The annual St. Olaf Christmas Festival is one of the oldest musical celebrations of Christmas in the United States, and tickets to the highly anticipated concerts are always in high demand.
While the festival is regularly broadcast nationwide on public television and radio, until now the only way to see it live each year has been in person.
As the college’s streaming operation and infrastructure have expanded — it now broadcasts concerts, lectures, and athletic events throughout the year — it became possible to think about broadcasting a performance as complex as the St. Olaf Christmas Festival as well.
“The live stream allows us to bring this message to those who have never experienced Christmas Festival, or people who have not experienced it for a very long time,” says Christmas Festival Artistic Director Anton Armstrong ’78. “It allows us to share the power of this message of hope, love, kindness, and justice. The festival transcends entertainment and it transforms the human spirit.”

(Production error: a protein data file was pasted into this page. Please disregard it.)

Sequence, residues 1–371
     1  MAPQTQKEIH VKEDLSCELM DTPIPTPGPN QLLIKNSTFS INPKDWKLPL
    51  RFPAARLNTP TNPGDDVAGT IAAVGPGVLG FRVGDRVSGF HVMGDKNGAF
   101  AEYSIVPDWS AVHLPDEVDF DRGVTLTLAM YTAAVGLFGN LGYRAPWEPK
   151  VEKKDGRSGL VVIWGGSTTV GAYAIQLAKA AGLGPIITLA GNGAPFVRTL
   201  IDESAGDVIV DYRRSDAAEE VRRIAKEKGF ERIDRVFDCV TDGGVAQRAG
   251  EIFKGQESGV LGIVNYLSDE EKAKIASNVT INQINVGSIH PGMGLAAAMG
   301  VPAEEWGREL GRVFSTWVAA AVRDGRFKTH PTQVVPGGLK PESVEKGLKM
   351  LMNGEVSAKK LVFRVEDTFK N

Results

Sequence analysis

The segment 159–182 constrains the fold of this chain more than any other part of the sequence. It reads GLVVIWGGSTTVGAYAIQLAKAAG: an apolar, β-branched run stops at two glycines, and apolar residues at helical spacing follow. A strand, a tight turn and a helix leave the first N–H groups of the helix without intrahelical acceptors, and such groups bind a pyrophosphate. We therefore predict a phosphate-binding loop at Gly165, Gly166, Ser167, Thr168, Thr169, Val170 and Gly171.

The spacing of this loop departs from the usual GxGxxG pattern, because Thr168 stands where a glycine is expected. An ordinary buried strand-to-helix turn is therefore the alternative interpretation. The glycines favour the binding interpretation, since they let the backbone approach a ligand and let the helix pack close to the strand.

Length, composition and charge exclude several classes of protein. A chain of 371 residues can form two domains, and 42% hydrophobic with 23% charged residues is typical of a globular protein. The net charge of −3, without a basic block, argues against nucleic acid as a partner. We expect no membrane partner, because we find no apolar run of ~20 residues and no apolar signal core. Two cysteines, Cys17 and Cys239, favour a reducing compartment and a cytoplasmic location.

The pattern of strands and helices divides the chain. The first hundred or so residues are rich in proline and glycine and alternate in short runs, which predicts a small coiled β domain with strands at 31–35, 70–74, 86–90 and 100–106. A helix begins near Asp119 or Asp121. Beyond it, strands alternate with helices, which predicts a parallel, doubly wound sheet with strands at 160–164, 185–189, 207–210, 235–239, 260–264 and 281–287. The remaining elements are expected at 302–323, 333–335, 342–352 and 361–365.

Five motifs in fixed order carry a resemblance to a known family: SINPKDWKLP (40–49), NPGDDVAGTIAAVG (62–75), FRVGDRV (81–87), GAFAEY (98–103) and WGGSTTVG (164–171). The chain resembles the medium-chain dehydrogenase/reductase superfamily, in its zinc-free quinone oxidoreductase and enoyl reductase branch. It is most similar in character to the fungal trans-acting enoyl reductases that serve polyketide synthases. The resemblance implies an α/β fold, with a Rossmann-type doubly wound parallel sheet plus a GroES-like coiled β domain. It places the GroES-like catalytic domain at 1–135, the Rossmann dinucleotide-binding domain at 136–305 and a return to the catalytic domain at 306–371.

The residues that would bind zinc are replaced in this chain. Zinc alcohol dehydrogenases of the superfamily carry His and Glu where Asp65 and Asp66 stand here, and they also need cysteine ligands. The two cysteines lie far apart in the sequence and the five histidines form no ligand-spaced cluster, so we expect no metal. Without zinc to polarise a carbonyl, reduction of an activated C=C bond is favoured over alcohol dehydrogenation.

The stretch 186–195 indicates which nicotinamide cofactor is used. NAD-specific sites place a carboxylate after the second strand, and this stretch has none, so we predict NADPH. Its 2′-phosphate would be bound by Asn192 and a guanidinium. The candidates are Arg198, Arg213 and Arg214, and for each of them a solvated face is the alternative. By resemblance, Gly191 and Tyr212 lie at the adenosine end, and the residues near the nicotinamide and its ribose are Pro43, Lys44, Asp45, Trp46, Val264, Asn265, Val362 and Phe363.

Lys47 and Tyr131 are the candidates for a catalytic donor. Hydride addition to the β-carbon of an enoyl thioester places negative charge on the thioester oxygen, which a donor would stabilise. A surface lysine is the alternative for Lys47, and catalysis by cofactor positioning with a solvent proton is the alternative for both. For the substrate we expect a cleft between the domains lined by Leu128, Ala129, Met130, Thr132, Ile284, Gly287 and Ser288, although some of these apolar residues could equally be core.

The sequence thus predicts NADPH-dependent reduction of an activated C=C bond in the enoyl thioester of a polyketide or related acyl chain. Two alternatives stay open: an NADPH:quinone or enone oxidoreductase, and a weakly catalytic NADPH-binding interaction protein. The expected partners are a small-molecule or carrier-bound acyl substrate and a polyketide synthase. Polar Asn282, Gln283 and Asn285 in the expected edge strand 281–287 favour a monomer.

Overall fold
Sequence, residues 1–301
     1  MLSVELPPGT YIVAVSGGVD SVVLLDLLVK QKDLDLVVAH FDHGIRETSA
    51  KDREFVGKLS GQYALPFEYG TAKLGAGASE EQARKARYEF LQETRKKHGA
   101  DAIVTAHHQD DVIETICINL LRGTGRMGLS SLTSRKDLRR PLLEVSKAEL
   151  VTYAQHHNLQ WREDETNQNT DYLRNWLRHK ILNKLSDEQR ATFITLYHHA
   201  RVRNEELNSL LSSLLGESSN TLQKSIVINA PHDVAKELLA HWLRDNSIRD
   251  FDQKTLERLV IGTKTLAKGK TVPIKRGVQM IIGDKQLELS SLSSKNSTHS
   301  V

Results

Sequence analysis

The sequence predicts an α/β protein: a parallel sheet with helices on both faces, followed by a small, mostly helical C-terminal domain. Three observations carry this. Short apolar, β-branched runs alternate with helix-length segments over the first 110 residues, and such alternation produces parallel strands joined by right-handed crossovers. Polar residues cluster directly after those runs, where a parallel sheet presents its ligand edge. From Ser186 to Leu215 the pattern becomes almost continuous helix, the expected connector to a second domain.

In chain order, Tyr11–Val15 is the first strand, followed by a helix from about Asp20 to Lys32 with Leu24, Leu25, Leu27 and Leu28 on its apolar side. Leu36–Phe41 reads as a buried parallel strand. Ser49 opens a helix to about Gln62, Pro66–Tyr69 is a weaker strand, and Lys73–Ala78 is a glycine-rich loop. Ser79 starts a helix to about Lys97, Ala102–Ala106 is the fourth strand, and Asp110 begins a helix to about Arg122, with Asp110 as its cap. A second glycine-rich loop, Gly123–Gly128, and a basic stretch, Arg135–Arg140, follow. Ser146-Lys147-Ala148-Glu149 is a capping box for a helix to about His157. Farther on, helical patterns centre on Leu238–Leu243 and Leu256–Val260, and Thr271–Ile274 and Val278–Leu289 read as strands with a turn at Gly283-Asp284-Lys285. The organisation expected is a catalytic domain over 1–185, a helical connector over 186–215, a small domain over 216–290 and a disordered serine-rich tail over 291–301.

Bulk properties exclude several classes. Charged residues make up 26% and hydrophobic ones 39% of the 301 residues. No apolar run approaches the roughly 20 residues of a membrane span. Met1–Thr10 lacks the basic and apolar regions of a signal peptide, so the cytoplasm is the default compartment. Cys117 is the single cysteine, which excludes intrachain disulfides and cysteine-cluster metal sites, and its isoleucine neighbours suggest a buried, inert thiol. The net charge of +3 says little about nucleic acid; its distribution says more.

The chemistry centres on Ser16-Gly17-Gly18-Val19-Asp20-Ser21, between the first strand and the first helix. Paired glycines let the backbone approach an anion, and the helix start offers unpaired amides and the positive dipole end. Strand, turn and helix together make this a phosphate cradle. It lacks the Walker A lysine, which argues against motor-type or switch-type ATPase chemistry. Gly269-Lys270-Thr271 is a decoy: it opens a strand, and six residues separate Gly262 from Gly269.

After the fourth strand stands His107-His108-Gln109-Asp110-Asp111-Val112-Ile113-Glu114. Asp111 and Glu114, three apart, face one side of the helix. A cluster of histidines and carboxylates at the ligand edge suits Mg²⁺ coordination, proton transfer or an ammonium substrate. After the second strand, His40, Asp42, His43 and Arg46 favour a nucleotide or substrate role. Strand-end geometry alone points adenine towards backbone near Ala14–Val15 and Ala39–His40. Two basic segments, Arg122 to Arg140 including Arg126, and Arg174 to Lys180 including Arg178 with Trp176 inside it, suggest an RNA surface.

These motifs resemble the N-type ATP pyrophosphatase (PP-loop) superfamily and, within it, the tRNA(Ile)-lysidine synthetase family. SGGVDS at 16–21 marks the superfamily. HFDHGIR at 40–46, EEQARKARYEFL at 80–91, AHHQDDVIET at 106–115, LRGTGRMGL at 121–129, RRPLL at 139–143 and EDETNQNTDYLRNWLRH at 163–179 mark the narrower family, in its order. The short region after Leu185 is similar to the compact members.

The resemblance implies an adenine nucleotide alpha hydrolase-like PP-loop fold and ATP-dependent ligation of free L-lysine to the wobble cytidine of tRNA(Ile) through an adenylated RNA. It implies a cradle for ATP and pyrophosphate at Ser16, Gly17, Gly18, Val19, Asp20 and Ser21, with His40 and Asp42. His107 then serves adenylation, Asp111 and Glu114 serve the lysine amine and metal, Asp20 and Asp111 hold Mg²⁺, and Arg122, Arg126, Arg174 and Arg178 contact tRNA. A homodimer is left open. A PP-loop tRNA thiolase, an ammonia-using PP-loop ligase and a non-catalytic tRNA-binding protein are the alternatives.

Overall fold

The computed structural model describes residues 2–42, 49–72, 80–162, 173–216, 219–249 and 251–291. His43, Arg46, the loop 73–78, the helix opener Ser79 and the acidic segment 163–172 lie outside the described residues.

O’Donnell’s team, which includes Chief Engineer Joshua Wyatt and Lighting Supervisor Sean Tonko, brought the director/producer team of Philip Byrd and Janet Shapiro on board to lead the video stream production.
The Emmy Award–winning duo has been involved in previous St. Olaf Christmas Festival broadcasts on PBS and has already spent tens of hours creating a shooting script and meticulously planning each camera shot. Making sure each camera operator knows where to go for the next shot — down to the specific row of musicians in a specific section of a specific ensemble — is the most complicated part of recording the two-hour-long Christmas Festival, Byrd says.
“I approach directing this almost like its own performance,” he says. “If you’re running a camera, you have a list of your shots and can think of me as the conductor.”
This attention to detail will create a production in which viewers at home will be able to see the performers much closer than they would in person.
“You’ll be able to see their facial expressions, see them play the flute or cello in detail,” O’Donnell says.
And if the video stream is done well, Byrd notes, what viewers at home see on the screen will only enhance the emotionally moving music of the St. Olaf Christmas Festival.
“Our goal is to use people’s eyes to open up their ears,” he says.